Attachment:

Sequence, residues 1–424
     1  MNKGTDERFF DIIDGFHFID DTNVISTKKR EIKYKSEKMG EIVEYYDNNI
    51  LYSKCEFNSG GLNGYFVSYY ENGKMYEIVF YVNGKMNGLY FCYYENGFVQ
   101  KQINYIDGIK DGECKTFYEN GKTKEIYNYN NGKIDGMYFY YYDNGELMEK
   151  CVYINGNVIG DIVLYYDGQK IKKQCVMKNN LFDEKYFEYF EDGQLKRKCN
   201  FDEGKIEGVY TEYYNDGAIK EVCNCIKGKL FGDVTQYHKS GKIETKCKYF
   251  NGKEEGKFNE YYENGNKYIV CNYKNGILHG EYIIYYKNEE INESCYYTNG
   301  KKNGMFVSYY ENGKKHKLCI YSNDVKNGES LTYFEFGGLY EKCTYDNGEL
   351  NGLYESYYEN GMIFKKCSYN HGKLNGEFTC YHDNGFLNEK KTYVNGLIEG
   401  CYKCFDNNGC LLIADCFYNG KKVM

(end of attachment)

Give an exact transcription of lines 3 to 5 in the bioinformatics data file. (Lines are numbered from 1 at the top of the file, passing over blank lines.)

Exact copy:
    51  LYSKCEFNSG GLNGYFVSYY ENGKMYEIVF YVNGKMNGLY FCYYENGFVQ
   101  KQINYIDGIK DGECKTFYEN GKTKEIYNYN NGKIDGMYFY YYDNGELMEK
   151  CVYINGNVIG DIVLYYDGQK IKKQCVMKNN LFDEKYFEYF EDGQLKRKCN